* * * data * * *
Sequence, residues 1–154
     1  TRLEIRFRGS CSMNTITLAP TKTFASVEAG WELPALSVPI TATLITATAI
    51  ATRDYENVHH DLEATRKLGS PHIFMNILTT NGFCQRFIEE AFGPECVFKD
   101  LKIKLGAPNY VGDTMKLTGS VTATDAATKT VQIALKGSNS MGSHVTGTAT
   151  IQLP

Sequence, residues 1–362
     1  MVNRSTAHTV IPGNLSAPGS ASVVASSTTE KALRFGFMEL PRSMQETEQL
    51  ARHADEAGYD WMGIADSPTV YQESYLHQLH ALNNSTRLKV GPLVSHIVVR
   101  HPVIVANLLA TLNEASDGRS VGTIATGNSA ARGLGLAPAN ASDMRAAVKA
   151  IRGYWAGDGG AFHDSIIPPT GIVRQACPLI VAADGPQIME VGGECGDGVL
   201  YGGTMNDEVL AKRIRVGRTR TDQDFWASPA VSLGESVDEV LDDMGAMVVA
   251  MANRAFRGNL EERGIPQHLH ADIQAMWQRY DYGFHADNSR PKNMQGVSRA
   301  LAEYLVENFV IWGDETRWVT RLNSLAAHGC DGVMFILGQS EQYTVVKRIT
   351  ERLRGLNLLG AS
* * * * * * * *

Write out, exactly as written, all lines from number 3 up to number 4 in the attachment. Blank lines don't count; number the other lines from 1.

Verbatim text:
    51  ATRDYENVHH DLEATRKLGS PHIFMNILTT NGFCQRFIEE AFGPECVFKD
   101  LKIKLGAPNY VGDTMKLTGS VTATDAATKT VQIALKGSNS MGSHVTGTAT